Nepal: Parliament dissolutions and use of ordinance to subvert democratic process of concern to IBAHRI

Thursday 10 June 2021

The International Bar Association’s Human Rights Institute (IBAHRI) is concerned by the dissolution of Nepal’s parliament by President Bidya Devi Bhandari for the second time in under six months and the ordering of phased general elections in November 2021. In addition, the alleged attempts of Prime Minister K P Sharma Oli and the Council of Ministers to interfere in the implementation of the country’s constitutional system, parliamentary democracy and judicial norms are of further concern, as are the human rights violations that Nepal’s citizens may be experiencing as political turmoil takes centre stage and diverts focus away from mitigating the COVId-19 crisis.

IBAHRI Co-chair and Immediate Past Secretary General of the Swedish Bar Association, Anne Ramberg Dr jur hc, commented: ‘With the dissolution of Parliament and reported unvetted appointments made to the National Human Rights Commission (NHRC), Election Commission and other constitutional bodies through an ordinance issued by the Prime Minister-led Constitutional Council, it is worrying that fundamental aspects of the rule of law are being bypassed in Nepal. The IBAHRI condemns the dissolution of Parliament and any interference in relation to the separation of powers, both of which are detrimental to any democracy, but particularly to a fledgling democracy. We urge the authorities of Nepal to guarantee genuine democracy, to respect and uphold the nation’s 2015 Constitution as well as citizens’ rights, including their paramount rights to life and health, which requires the COVID-19 pandemic receive the government’s fullest attention’.

Ms Ramberg added: ‘The government needs to recognise the severity of the COVID-19 crisis and the negative impact it has had on citizens in general and on Nepal’s democracy specifically. It will be prudent for the government to provide citizens with tools to enable them to participate fully in the electoral process without having to subject themselves potentially to contracting the virus. The IBAHRI urges the Nepalese government to uphold human rights values and equality as enshrined in Article 2 of the International Covenant on Civil and Political Rights’.

With neither caretaker Prime Minister Oli nor opposition leader Sher Bahadur Deuba able to obtain a majority to form a new government by 21 May 2021, the deadline set by President Bhandari, on 22 May, at the recommendation of Prime Minister Oli, the President dissolved Nepal’s parliament and ordered phased general elections be held on 12 and 19 November 2021.

The opposition say Mr Oli has no legal authority to propose dissolutions having lost a parliamentary vote of confidence earlier in May amid a worsening COVID-19 crisis. This second dissolution of Parliament follows one of 20 December 2020, which sparked mass protests and legal challenges. On that occasion, the Supreme Court ruled the dissolution unconstitutional, and Parliament was reinstated in February 2021. The current dissolution is also expected to face legal challenge.

Prior to the dissolution of Parliament on 20 December last year, action was taken by the Constitutional Council (the Council), headed by the Prime Minister, that undermined the parliamentary role of the House of Representatives. The Council issued an ordinance to amend the 2010 Constitutional Council Act (Functions, Duties and Procedures) that bolstered the influence of the Council, which makes recommendations for key appointments to the judiciary, the Election Commission, NHRC and other constitutional bodies.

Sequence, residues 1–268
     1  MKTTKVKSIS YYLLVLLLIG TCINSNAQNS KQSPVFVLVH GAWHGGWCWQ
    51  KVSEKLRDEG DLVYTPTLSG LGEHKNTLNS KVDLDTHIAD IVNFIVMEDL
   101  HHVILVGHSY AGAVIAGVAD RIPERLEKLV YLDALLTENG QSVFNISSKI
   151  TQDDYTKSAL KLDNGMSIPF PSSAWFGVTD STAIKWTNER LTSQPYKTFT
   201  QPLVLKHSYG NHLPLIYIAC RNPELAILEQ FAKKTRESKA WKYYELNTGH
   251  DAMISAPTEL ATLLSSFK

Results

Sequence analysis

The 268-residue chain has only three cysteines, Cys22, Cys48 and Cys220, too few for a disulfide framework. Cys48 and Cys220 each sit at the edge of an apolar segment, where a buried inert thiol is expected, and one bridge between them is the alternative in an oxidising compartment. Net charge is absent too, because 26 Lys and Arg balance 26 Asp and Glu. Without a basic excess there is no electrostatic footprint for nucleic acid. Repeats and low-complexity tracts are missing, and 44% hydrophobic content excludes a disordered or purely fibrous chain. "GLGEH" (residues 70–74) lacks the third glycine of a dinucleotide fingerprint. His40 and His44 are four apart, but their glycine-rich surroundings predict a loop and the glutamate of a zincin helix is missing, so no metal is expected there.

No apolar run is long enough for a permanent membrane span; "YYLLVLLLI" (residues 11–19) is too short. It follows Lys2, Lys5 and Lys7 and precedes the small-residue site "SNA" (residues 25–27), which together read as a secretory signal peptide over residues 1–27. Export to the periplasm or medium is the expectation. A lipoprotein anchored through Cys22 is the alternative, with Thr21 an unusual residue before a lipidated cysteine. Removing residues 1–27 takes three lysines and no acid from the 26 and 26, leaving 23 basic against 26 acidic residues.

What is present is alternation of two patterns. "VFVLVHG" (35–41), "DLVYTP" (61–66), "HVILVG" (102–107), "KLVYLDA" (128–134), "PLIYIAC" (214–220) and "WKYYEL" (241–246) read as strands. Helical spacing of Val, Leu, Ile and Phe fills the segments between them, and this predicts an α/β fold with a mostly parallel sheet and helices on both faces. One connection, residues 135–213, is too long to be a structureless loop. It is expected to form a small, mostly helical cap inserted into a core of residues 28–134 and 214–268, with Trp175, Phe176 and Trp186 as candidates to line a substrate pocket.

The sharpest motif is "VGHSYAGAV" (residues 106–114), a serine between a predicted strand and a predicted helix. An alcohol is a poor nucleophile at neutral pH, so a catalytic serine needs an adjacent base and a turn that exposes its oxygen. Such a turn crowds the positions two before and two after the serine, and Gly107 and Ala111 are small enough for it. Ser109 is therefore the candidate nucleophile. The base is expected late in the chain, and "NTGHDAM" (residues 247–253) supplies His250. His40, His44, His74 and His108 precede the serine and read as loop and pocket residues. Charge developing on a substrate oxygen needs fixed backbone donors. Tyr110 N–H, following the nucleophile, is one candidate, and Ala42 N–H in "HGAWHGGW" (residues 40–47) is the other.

Under the Constitutional Council Act, five out of six members must be present to approve a decision. However, the ordinance altered this provision so that the Council can take decisions on a majority basis with only three members present. 

On the day the ordinance was issued, 15 December 2020, three members of the Council met – Prime Minister Oli, Chief Justice Cholendra Shumsher Rana and the Chairman of the National Assembly Ganesh Prasad Timilsina – and made 38 nominations to vacant positions on the constitutional bodies and five seats on the NHRC. Under the 2015 Nepal Constitution, these appointments are supposed to be vetted by the Parliament. However, Parliament was dissolved five days later. Despite the nominations circumventing the usual constitutional process, the appointments stand.

Nepal is suffering from a deadly second wave of the COVID-19 pandemic and is reporting more than 8,000 new infections on average each day. It is an unprecedented crisis. The government has been criticised for its handling of the pandemic. Prime Minister Oli and opposition parties alike have organised several political rallies and meetings after the dissolution of Parliament to gain more support, despite the risk of further spreading COVID-19.

Ms Ramberg said: ‘The IBAHRI draws attention to Article 21 of the Universal Declaration of Human Rights that states everyone has the right to take part in the government of their country, directly or through freely chosen representatives. We urge Nepal’s authorities to restore public trust and to give every consideration to ensuring citizens are able to carry out their democratic options fully, safely and confident in the integrity of both process and outcome.’


Notes to the Editor

  1. The International Bar Association’s Human Rights Institute (IBAHRI), established in 1995 under Founding Honorary President Nelson Mandela, is an autonomous and financially independent entity, working to promote, protect and enforce human rights under a just rule of law, and to preserve the independence of the judiciary and the legal profession worldwide.
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